A secured pet in a vehicle: Good for all of us
The vet’s office
By Dr. Elizabeth Knabe, DVM, and Dana Marcott, CVT
Wildwood Animal Hospital and Clinic LLC
Early in my veterinary career I, Dr. Knabe, was working at an emergency practice in Milwaukee. We had a dog in her 20s that was hospitalized with injuries from being hit by a car. Her owners were driving up from Chicago and had stopped at a tollway rest stop. The dog darted out of the car when the door opened and was hit by a passing car. Luckily, the dog was fine.
Years later — here in Marshfield — I treated a small dog that was also involved in a car crash. That dog sustained internal injuries and needed emergency measures to survive. In both cases the dogs’ owners learned valuable lessons in the need for restraint of pets inside cars.
Both cases illustrate some of the dangers pets face when traveling unrestrained inside cars. Loose pets are projectiles during sudden braking incidents. They get injured themselves, but they can hit other people inside the car as well. Air bags may deploy and injure pets that are too close to them. Other concerns include eye and ear injuries to dogs that stick their heads out of the windows.
This brings up additional concerns about safety for the people on the roads. A loose dog or cat can be a distraction to the driver. The distracted driver can then cause a crash. A smaller pet can get under the driver’s legs, preventing him or her from properly using foot pedals. Some drivers allow their dogs to sit in their laps. Not only is the driver’s view partly blocked, but steering wheel access is also impaired, and the small pets can get injured by airbags if they deploy.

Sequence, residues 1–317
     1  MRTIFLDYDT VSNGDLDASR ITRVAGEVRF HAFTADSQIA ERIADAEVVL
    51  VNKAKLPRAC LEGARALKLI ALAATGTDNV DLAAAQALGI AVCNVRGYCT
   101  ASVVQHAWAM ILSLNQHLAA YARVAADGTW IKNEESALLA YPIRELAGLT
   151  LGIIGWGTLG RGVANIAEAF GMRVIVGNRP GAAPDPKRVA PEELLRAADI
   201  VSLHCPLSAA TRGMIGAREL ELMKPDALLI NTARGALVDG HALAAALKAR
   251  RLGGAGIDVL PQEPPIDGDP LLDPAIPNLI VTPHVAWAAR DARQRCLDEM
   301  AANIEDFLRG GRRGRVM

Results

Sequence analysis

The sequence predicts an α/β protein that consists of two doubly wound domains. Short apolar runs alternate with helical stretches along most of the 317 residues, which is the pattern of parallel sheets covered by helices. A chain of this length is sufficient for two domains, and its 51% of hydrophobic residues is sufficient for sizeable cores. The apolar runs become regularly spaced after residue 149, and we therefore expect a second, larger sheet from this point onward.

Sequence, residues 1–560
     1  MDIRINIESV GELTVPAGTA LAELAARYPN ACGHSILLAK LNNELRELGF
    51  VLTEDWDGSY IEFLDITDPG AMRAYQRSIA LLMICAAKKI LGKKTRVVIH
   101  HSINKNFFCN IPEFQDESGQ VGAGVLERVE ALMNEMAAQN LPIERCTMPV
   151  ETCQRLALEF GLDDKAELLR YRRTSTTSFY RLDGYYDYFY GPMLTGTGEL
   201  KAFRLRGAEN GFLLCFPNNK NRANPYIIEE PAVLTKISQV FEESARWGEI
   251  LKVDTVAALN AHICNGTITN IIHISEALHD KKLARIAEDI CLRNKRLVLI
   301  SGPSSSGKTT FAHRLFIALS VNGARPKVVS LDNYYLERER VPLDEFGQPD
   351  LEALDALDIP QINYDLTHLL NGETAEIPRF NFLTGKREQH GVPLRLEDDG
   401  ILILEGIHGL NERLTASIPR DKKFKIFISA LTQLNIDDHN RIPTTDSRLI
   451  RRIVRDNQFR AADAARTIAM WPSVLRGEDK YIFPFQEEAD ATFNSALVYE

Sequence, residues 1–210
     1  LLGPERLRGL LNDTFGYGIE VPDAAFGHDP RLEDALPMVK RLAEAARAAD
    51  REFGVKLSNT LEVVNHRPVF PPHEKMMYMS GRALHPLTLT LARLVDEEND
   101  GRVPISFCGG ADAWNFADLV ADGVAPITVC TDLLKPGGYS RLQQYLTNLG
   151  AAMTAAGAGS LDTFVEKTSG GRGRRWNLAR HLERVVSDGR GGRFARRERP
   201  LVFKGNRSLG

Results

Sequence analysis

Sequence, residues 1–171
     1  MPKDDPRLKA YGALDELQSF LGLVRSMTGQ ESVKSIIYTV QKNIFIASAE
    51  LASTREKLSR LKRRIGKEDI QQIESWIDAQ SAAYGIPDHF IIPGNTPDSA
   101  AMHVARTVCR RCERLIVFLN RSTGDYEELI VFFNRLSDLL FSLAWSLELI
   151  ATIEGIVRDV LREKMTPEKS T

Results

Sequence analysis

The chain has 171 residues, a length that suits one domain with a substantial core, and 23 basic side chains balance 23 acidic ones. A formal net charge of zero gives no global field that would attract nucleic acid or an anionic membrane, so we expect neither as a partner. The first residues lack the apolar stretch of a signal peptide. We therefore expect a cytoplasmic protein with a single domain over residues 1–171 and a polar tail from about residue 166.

Your vehicle does not have to be moving to have your dog find trouble when left loose. Speaking from personal experience, I, Dana, had left my usually well behaved dog in my car while I ran a quick errand, only to find him wandering the parking lot. He had managed to squeeze himself through a slightly cracked window.
The inside of the vehicle is not the only unsafe place. When leaving your dog in the back of a truck, a dog can lose its balance or fall over the side. Some dogs may jump out of the back and run off. Admittedly, it is quite impressive to watch these dogs maintain their balance with seemingly no effort. However, from a professional viewpoint, it is sad to see these dogs being treated for injuries from falling.
Having your dog along while traveling can be very fulfilling but, like many things, has a few risks. While you are out and about enjoying this summer, remember to consider both your and your dog’s safety.
Wildwood Animal Hospital and Clinic LLC is located at 210 Airpark Road in Marshfield and online at wildwoodanimalhospital.net.